Why I’m Running in 2018
Like anyone in my position, there is one question I have to answer: Why are you running?
And the answer I keep coming back to is that I have some unfinished business to settle.
When I finished my term as Governor in 2010, I had no intention of running for another office. 16 years of service at the state and local level was a real honor but there were other challenges out there for me. Then a Senate seat surprisingly opened up in 2011. And I asked myself – do I have any unfinished business?
And I did. Despite my efforts campaigning against it, voters passed an anti-LGBT amendment to the Virginia Constitution in 2006. That was a real disappointment. And I had been working with Virginia Indian tribes for years to get them the federal recognition they deserved. I had testified on their behalf and helped our bipartisan Congressional delegation advocate for them. But we kept falling short.
So when I declared for Senate in 2011, I wanted to help make progress in these areas beyond what I could do in local or state office. And we have.
I signed on to a Senate amicus brief advocating marriage equality for all and celebrated when it became law of the land in 2013. And I stood on the floor of the Senate with my colleague Mark Warner in January of this year when our tribal recognition bill finally passed.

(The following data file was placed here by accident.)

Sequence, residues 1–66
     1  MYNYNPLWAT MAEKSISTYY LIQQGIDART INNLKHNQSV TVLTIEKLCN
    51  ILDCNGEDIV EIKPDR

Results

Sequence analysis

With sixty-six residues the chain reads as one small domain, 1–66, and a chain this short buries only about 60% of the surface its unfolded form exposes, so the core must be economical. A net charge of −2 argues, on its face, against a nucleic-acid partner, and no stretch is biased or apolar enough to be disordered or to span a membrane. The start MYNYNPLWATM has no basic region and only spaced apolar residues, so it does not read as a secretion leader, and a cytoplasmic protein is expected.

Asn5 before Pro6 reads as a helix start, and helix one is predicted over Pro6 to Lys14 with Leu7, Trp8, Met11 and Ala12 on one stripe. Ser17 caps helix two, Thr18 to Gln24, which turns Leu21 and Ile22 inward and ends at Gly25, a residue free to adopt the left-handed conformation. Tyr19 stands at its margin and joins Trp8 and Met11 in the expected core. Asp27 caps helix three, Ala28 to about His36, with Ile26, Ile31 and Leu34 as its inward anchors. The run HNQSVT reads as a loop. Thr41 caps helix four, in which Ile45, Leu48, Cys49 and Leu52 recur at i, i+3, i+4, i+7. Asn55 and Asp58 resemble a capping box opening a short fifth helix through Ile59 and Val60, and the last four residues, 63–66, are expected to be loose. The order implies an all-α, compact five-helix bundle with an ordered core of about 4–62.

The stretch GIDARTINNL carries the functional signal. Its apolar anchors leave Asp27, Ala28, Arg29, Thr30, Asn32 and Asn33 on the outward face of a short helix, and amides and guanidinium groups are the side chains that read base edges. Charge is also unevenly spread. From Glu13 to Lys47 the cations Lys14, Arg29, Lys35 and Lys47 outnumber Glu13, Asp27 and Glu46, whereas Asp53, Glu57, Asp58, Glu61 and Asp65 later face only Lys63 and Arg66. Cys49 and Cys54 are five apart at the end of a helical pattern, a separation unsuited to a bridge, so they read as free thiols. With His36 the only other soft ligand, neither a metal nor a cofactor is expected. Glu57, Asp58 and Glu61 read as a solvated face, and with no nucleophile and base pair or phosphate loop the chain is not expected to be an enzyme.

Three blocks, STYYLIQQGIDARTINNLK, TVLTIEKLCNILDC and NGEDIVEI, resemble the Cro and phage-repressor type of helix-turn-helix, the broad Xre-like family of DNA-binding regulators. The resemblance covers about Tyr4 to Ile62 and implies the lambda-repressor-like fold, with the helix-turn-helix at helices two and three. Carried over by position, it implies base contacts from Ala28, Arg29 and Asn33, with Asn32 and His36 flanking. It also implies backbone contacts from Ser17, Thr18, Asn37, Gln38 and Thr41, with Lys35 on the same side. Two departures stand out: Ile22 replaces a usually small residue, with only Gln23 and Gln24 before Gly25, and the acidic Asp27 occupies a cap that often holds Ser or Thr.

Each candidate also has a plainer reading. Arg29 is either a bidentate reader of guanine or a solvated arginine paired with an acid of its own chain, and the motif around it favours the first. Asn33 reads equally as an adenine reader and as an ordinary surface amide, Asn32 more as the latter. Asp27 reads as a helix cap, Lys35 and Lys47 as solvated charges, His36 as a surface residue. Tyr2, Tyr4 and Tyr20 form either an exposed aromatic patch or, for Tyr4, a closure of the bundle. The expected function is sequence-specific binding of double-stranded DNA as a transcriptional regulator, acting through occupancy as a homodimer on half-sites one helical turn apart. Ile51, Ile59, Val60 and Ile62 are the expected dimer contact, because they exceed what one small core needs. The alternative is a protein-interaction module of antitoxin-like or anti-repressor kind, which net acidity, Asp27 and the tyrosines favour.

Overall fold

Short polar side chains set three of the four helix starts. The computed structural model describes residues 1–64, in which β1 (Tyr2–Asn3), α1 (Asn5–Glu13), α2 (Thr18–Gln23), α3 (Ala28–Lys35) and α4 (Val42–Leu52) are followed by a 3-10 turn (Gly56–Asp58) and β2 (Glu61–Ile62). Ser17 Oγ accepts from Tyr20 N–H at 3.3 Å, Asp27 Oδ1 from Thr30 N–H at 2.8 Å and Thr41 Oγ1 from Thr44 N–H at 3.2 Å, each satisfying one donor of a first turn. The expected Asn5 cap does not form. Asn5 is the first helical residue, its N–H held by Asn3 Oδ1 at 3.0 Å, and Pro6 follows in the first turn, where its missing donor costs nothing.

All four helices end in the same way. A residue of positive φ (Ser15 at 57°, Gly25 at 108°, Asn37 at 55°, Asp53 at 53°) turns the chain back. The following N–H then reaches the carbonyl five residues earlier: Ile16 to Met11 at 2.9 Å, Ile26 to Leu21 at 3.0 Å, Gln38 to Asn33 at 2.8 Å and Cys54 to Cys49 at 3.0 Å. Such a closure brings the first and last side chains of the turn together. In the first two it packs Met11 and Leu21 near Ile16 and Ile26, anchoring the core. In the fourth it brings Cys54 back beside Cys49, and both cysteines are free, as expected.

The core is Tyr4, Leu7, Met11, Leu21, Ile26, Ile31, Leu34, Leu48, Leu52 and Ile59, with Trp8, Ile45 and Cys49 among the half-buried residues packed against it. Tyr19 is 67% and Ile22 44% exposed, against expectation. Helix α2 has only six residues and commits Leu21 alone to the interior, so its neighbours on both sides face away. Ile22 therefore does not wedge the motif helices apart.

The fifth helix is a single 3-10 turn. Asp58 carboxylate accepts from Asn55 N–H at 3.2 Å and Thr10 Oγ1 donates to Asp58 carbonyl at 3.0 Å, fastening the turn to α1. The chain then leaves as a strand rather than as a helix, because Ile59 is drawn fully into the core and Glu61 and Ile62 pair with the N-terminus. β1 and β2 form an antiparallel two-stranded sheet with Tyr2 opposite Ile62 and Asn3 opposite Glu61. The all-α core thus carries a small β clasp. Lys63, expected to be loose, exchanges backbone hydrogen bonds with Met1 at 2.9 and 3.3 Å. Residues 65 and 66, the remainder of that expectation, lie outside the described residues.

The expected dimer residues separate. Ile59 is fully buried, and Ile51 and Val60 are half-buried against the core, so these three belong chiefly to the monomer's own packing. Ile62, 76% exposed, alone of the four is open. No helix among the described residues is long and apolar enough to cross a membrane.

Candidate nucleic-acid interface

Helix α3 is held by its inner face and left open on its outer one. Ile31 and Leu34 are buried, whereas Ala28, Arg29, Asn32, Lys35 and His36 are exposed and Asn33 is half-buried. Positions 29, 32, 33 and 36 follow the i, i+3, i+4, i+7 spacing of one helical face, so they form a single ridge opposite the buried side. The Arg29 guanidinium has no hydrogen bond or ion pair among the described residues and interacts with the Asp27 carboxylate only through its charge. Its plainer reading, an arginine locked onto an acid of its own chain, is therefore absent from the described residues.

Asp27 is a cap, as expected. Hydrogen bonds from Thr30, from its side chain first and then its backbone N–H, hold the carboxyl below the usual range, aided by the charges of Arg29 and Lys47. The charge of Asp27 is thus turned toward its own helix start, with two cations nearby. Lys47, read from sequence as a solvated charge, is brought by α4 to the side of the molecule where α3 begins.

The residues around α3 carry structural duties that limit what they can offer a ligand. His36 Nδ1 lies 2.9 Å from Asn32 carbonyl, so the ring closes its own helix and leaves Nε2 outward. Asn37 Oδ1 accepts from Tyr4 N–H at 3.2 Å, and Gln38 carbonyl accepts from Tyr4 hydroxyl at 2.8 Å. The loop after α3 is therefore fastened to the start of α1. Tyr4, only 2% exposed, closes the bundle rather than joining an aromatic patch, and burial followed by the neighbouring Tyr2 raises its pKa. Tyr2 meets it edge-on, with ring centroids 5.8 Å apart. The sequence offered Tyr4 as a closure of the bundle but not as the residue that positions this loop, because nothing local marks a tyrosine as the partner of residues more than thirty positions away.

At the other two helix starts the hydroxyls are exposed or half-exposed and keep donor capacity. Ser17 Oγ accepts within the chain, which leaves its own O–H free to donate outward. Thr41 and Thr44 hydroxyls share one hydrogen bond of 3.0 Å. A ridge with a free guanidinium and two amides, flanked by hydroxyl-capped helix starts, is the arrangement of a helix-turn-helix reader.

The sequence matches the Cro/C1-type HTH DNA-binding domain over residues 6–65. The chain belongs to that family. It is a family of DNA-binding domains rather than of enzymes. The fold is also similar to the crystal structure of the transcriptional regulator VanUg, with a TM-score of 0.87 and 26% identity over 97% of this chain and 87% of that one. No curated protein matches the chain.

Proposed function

While there is still much work to do on both these issues, on an elemental level I have been able to see two things that were important to Virginians completed. But as my first term closes out and I ask myself again if I have any unfinished business left in my political service, the answer is: yes, now there’s even more.
I want to make meaningful progress to protect our kids and communities from gun violence. I want to finally do comprehensive reform of our immigration laws so that we can continue to attract talented people from around the globe. I want to make sure that we offer students affordable college but also meaningful technical and apprenticeship opportunities. I want to keep reducing unemployment among veterans and military spouses. I want to drive prescription drug costs down and give folks more options for health coverage. And there’s so much more.
You have taught me an important lesson. If you want to help people and you take the time to listen to them, there will ALWAYS be unfinished business on your “To Do” list. I have more to do and I would be honored to have your support as I keep at the work.